Fill a large stockpot with 4 quarts of water and bring to a boil over high heat.
In the meantime, place rice in a bowl and rinse with cold water, swirling vigorously with your fingers and changing the water at least five times, until the start has run off and the water runs much clearer. Drain the rice.
Once the water comes to a boil, salt it heavily. The precise amount will vary depending on what kind of salt you’re using, but it’s about 6 tablespoons fine sea salt or a generous 1⁄2 cup kosher salt. The water should taste saltier than the saltiest seawater you’ve ever tasted. This is your big chance to get the rice seasoned from within, and it’s only going to spend a few minutes in the salted water, so don’t panic about over-salting your food. Add the rice, and stir.
Set a fine-mesh sieve or colander in the sink. Cook rice, stirring from time to time, until it’s al dente, about 6 to 8 minutes. Drain into the sieve and immediately begin rinsing with cold water to stop the rice from cooking further. Drain.
Remove 1 cup of the rice and combine it with the yogurt.
Set a large, very well seasoned 10-inch cast iron skillet or nonstick frying pan over medium heat, then add the oil and butter. When butter melts, add the yogurt-rice mixture into the pan and level it out. Pile the remaining rice into the pan, mounding it gently toward the center. Using the handle of a wooden spoon, gently dig five or six holes into the rice down to the bottom of the pot, which will be gently sizzling. The holes will allow steam to escape from the bottommost layer of rice so that a crisp crust can form.) There should be enough oil in the pan so that you can see it bubbling up the sides. Add a little more oil if needed to see these bubbles.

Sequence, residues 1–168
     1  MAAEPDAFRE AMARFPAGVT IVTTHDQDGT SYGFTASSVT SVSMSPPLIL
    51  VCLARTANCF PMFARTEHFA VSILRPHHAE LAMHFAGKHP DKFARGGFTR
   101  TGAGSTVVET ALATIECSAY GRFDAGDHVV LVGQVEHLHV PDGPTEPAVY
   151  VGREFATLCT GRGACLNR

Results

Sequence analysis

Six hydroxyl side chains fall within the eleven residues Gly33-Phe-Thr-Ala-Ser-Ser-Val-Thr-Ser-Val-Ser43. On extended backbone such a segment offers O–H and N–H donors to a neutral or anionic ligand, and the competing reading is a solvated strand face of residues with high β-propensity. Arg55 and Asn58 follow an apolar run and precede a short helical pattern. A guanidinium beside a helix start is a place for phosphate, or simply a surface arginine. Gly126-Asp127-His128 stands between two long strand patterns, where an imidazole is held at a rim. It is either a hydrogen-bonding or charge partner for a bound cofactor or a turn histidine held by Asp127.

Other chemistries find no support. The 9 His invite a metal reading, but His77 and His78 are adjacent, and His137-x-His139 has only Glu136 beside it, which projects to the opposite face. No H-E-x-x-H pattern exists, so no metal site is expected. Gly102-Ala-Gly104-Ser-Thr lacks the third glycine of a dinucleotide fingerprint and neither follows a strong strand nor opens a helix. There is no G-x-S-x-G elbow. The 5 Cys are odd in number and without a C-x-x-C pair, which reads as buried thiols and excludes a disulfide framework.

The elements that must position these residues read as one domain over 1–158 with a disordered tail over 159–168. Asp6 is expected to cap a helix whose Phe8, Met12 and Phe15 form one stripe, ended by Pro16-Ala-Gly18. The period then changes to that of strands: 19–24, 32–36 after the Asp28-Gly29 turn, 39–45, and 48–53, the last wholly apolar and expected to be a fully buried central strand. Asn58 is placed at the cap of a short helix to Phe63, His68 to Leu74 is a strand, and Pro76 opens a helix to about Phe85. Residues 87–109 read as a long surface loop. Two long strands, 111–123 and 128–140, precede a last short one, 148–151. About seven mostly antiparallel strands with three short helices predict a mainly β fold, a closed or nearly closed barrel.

Continue cooking rice over medium heat, turning the pan a quarter turn every 3 or 4 minutes to ensure even browning, until you start to see a golden crust begin to form at the sides of the pan, about 15 to 20 minutes. Once you see the crust turn from pale amber to gold, reduce the heat to low and continue cooking for another 15 to 20 minutes. The edges of the crust should be golden, and the rice should be cooked completely through. There isn’t a way to tell what tahdig will look like until you flip it, so I prefer to err on the side of over-browning, but if that makes you uncomfortable, pull the rice after about 35 total minutes in the pan.
To un-mold the rice, carefully run a spatula along the edges of the pan to ensure that no part of the crust is sticking. Tip out any excess fat at the bottom of the pan into a bowl, gather your courage, and then carefully flip it onto a platter or cutting board. It should look like a beautiful cake of fluffy rice with a golden crust.
And if for any reason your rice doesn’t slip out in one piece, do what every Persian grandmother since the beginning of time has done: scoop out the rice, chip out the tahdig in pieces with a spoon or metal spatula, and pretend you meant to do it this way. No one will be the wiser. Serve immediately.